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Table 2 Distribution of subjects in clusters formed by the reference data (A) and the incomplete data sets (B–F)

From: Searching for the optimal measuring frequency in longitudinal studies -- an example utilizing short message service (SMS) to collect repeated measures among patients with low back pain

  Reference, A, the full data set, 26 weekly measures Kappa Agreement (Weighted Kappa)
Cluster 1 “Fast improvers” Cluster 2 “Normal improvers” Cluster 3 “Slow improvers” Cluster 4 “Indifferent”
B, first 8 weeks
 Cluster 1 N =11 N = 12 N = 0 N = 1 0.272 (0.548)
 Cluster 2 N = 5 N =29 N = 8 N = 0
 Cluster 3 N = 1 N = 9 N =9 N = 13
 Cluster 4 N = 0 N = 13 N = 6 N =12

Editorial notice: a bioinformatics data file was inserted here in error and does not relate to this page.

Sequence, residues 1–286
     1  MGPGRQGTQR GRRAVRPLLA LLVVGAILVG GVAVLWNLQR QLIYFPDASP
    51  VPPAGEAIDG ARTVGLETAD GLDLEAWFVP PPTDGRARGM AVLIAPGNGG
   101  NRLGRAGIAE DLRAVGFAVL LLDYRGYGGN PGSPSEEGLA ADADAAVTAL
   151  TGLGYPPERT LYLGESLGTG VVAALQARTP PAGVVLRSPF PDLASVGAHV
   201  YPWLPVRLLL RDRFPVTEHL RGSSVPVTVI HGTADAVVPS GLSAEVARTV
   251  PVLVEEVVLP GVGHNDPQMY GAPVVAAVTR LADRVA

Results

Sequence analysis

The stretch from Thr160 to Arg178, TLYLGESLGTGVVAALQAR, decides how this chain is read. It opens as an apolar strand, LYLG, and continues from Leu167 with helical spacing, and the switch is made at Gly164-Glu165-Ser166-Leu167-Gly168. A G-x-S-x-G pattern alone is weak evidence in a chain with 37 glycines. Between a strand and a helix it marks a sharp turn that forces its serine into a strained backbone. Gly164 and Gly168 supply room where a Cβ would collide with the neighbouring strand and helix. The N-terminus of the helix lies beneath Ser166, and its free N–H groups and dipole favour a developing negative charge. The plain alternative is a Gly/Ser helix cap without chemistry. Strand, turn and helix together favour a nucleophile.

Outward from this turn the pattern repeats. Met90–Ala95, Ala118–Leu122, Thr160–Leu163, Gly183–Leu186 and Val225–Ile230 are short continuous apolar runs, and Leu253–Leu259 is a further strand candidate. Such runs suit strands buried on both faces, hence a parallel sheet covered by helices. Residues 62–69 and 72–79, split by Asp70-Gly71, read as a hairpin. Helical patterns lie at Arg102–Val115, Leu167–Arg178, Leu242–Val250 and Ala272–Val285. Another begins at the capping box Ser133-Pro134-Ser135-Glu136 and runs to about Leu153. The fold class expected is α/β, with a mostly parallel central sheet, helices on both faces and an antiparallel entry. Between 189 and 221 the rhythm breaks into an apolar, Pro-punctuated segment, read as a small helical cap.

C, first 13 weeks
 Cluster 1 N =15 N = 3 N = 0 N = 0 0.348 (0.611)
 Cluster 2 N = 0 N =23 N = 2 N = 5
 Cluster 3 N = 0 N = 33 N =7 N = 0
 Cluster 4 N = 2 N = 4 N = 14 N =21
D, first 8 weeks + monthly thereafter
 Cluster1 N =14 N = 4 N = 0 N = 0 0.618 (0.720)
 Cluster 2 N = 1 N =52 N = 8 N = 2
 Cluster 3 N = 0 N = 1 N =8 N = 2
 Cluster 4 N = 2 N = 6 N = 7 N =22
E, every other week
 Cluster 1 N =16 N = 15 N = 0 N = 0 0.642
 Cluster 2 N = 1 N =45 N = 7 N = 3 (0.823)
 Cluster 3 N = 0 N = 1 N =13 N = 0
 Cluster 4 N = 0 N = 2 N = 3 N =23
F, first 18 weeks
 Cluster 1 N =15 N = 1 N = 1 N = 0 0.611 (0.708)
 Cluster 2 N = 0 N =47 N = 3 N = 1
 Cluster 3 N = 0 N = 7 N =8 N = 1
 Cluster 4 N = 2 N = 8 N = 11 N =24
  1. Figures in bold show number of subjects in B–F that are classified in clusters with similar trajectories as A